Geography Helps Every Student Succeed

Crossing Borders

The American Association of Geographers (AAG), together with others, has been working for more than a decade to reauthorize the No Child Left Behind Act. On December 10, US president Barack Obama signed the new Every Student Succeeds Act (ESSA) into law. The ESSA is the successor to No Child Left Behind and is now the primary federal law dealing with K–12 education policy.

The ESSA took effect immediately, but it will take several months for the US Department of Education to fully implement the new programs established by the law. The AAG has been monitoring the 2015 congressional reauthorization process closely and advocating for new programs to be included that support geography education. We are pleased with several programs in the law that advance K–12 geography. These include the following:

Just before he signed the bill, Obama said, “Now the hard work begins.” And he is right.

As the federal government works to enact the law and states and districts adjust to their newfound flexibility, it will be incumbent on the geographic and GIS communities to engage with educational leaders across the nation to stress the importance of geography as a science, technology, engineering, and mathematics (STEM) discipline that is critical to job growth. The recent report from the US Government Accountability Office on American students’ dearth of geography knowledge will help in conveying this message. So will the widely endorsed AAG Resolution Supporting K–12 Geography Education, which urged the US government to include geography and geospatial learning in its education reform proposals.

The US Department of Labor has repeatedly indicated that geographic technologies are among the most important emerging and evolving fields in the technology industry for job creation. Public and private sector entities are increasingly turning to GIS, GPS, and related technologies to handle complex problems and assist in organizational planning and operations. Additionally, a heightened focus on global affairs has made understanding the economic, political, cultural, and geographic components of globalization increasingly important to all students and policy makers.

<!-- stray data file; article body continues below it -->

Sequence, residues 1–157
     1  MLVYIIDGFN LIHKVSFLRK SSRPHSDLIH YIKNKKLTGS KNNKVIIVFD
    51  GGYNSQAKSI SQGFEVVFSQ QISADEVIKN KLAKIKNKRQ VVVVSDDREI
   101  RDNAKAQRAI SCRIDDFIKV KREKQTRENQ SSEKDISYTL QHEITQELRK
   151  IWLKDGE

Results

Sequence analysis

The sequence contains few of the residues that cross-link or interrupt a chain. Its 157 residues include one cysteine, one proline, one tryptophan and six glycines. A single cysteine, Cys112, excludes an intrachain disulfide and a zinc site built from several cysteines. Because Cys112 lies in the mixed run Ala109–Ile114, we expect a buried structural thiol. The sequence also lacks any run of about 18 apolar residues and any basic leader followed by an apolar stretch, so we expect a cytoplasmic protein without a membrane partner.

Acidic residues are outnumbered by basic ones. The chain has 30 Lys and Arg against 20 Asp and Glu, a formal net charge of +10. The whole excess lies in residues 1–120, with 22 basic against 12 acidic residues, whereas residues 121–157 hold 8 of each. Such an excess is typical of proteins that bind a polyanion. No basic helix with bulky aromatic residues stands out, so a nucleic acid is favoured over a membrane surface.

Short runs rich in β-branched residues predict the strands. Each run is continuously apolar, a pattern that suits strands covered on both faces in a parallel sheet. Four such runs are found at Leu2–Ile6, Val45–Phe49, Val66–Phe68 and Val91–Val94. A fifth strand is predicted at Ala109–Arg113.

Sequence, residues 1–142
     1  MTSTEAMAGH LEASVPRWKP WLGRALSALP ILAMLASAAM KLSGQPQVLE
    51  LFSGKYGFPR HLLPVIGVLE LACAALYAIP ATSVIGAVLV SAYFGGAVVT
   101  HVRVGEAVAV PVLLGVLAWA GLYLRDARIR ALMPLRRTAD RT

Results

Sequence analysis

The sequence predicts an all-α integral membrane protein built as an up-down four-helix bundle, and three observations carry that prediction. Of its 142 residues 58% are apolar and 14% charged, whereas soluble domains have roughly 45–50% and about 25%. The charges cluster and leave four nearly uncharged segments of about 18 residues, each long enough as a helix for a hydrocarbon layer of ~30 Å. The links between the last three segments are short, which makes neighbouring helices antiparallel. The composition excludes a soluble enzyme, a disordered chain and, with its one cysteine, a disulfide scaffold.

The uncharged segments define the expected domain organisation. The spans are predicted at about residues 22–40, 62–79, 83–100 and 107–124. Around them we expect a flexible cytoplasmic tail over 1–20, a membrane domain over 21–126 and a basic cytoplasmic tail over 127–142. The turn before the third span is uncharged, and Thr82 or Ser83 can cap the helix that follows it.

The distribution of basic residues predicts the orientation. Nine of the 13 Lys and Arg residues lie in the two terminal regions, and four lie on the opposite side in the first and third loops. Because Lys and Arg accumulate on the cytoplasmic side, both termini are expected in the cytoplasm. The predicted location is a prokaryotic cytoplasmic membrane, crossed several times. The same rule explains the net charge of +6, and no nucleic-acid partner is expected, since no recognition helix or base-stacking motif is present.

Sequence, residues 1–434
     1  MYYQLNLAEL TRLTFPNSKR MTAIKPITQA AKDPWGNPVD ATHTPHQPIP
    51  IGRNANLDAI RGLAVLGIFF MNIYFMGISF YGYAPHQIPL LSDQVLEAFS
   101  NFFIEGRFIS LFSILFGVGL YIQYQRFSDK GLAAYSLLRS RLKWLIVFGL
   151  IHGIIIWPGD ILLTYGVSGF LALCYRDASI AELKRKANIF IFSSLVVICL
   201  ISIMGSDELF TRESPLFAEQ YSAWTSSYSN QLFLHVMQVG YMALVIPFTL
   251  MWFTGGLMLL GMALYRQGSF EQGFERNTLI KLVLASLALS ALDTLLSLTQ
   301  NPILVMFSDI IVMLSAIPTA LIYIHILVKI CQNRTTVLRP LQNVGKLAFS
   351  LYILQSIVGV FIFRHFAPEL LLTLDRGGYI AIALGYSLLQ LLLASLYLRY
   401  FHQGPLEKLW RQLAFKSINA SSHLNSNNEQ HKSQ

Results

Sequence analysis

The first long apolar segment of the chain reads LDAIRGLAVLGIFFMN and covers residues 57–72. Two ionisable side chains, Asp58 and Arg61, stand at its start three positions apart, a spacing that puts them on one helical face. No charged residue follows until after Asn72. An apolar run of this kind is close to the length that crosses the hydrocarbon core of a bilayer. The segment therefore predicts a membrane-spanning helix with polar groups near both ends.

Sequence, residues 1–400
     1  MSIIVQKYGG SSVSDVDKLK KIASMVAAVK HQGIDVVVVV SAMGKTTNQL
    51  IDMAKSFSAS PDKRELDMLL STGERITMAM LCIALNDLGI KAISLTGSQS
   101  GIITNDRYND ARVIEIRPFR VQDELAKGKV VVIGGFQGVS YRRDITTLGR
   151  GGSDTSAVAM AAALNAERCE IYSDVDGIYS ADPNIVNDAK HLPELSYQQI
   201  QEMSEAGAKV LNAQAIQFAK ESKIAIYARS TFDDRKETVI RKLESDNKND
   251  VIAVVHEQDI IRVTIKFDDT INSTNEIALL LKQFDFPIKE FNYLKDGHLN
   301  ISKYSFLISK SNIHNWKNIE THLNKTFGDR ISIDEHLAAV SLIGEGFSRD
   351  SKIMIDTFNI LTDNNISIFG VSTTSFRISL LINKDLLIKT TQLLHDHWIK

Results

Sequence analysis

While the ESSA is not perfect, it does provide promising new pathways for geography teachers (and other educators who are interested in geographic learning at the K–12 level) to work with states and local education agencies to seek and receive federal grant funding for geography-focused activities.

Efforts to strengthen geography education across the nation also received a major boost when Esri president Jack Dangermond offered free ArcGIS Online accounts to all K–12 schools in the United States. This pledge, which was made in connection with the Obama administration’s ConnectED initiative, has the potential to greatly improve geography and GIS education in K–12 classrooms and is synergistic with the new ESSA. The AAG is working closely with Esri to build a national network of GeoMentors as well to support GIS implementation in classrooms. So far, more than 1,000 participants have joined these efforts.

We at the AAG look forward to working with the Esri user community to strengthen geography and GIS education in all US schools.

For questions about the new law or geography education policy in general, reach out to John Wertman or Doug Richardson.

About the author

Doug Richardson is a distinguished researcher at Harvard University and executive director emeritus of the Association of American Geographers (AAG), a scholarly association of 12,000 members dedicated to the advancement of geographic research, scholarship, and education. Prior to joining the AAG, Richardson founded and was the president of GeoResearch, Inc., a private research firm specializing in the environmental and geographical sciences. His current research interests range from GIScience and health to geography and the humanities.